HARARE – As Zimbabwe’s economy burns, inflamed by foreign currency and commodity shortages as well as crippled investment inflows, companies in the country have resorted to awarding hardship bonuses for employees, shorter working hours and adoption of forex as the major transaction currency.
Inflation has spiked to 5.3% according to official statistics from Zimstats while independent economists such as Professor Steve Hanke say it is as high as 150%. The result has been “too much money chasing too few goods” as the country’s citizens scramble for commodities such as cooking oil, fuel and bread.
“I have been here since 7:30 am because that is the only way I will have a chance to get diesel for this commuter taxi. I cannot afford the fuel that is being sold from the streets; it is too much for me at $13 per five liter,” said Milos Gono, who transports school children in his 18 seater emergency taxi.
At the petrol stations, fuel costs about $7 for 5 liters but there are long queues to deal with. Most Zimbabwean motorists now spend more time look for fuel while for those in a hurry, they have to resort to the expensive parallel market petroleum which many cannot afford.
The situation is the same at the formal supermarkets where people have been lining up to buy cooking oil and other commodities that are in short supply. Shoppers told Business Report Online on Thursday morning that goods are readily available from the streets but at a premium, hence the large numbers. Moreover, some shops have adopted survival strategies of closing shop on the pretext of being closed for staff training or for stock-taking.
OK Zimbabwe, the largest retailer has closed some branches, saying it was carrying out upgrades at its massive OK Mart outlet while another branch in Harare’s CBD has been closed since early this week.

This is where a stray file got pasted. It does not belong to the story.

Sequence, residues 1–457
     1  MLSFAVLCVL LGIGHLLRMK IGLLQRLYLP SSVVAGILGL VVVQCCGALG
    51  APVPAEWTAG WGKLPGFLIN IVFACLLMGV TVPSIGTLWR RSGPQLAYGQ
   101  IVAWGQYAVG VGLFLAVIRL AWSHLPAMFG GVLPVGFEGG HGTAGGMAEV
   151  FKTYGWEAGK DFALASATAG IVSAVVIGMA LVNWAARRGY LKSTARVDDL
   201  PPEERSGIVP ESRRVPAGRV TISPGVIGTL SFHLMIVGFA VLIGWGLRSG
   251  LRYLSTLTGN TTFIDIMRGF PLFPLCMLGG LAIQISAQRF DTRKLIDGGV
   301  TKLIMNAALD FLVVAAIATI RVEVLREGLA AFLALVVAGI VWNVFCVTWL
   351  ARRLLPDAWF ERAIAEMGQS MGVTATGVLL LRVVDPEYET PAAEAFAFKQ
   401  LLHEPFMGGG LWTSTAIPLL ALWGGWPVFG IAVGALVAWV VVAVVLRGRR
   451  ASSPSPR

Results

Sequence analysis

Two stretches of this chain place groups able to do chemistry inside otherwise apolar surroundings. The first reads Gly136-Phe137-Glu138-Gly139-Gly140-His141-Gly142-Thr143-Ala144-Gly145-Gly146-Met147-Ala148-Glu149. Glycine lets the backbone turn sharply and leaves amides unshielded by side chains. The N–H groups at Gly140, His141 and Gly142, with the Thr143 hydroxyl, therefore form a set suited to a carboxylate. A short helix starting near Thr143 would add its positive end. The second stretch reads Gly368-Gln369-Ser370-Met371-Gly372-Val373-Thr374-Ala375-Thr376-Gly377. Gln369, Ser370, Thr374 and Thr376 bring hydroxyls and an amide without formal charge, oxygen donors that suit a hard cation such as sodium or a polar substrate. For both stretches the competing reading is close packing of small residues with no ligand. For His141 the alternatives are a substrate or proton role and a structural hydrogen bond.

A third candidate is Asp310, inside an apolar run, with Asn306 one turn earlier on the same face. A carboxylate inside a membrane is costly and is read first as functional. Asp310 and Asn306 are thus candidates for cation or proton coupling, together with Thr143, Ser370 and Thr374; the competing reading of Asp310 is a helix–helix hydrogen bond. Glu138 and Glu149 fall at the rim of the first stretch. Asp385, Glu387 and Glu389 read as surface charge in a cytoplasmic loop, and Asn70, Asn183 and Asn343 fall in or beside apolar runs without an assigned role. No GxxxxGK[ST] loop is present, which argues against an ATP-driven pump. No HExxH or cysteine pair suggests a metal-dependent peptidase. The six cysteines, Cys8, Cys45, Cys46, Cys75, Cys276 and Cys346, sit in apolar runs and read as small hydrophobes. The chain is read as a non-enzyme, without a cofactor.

Shoppers in batches
Pick n Pay has resorted to taking shoppers in batches whenever they receive a consignment of cooking oil as they cannot manage to have everyone inside the shop at the same time, said a shift supervisor on Thursday. Other businesses are adopting measures such as turning away customers with local bond notes or digital payment.
Alliance Health has said to its medical aid holders that it is now offering premium payments in US Dollar or South Africa rand in addition to the option of paying in local currency. However, under the scheme covered by local currency payments, the health insurer “foresees members encountering larger shortfalls and problems if prices continue to rise” as is the case currently.
Moreover, “medical services (may only be) available in US Dollar” as “recently announced by several service providers” in healthcare across Zimbabwe. The central bank of Zimbabwe has been accused of running backlogs for the allocation of forex to cover medicinal and fuel imports.
But not everyone is running for the covers as Zimbabwe’s economy takes a pounding. Dairy firm, Dendairy, has shown commitment to the well-being of its employees and has sought to protect them from the current hardships. Dendairy said on Wednesday that it was awarding its employees a 10% hardship bonus to cushion them from the economic turmoil in Zimbabwe.
“Due to the current prevailing economic hardships in the country, the company will pay a 10% hardship allowance on basic salary to all Dendairy employees. However, once the economic situation improves, the allowance will fall away or be discontinued,” said the company’s finance and admin manager in a memo to workers.
The Chicken Inn franchise operator has also said that it is “not chickening out” of Zimbabwe due to the economic challenges. The company has however dropped its promotion giving an extra piece of chicken for purchases on Mondays.
BUSINESS REPORT ONLINE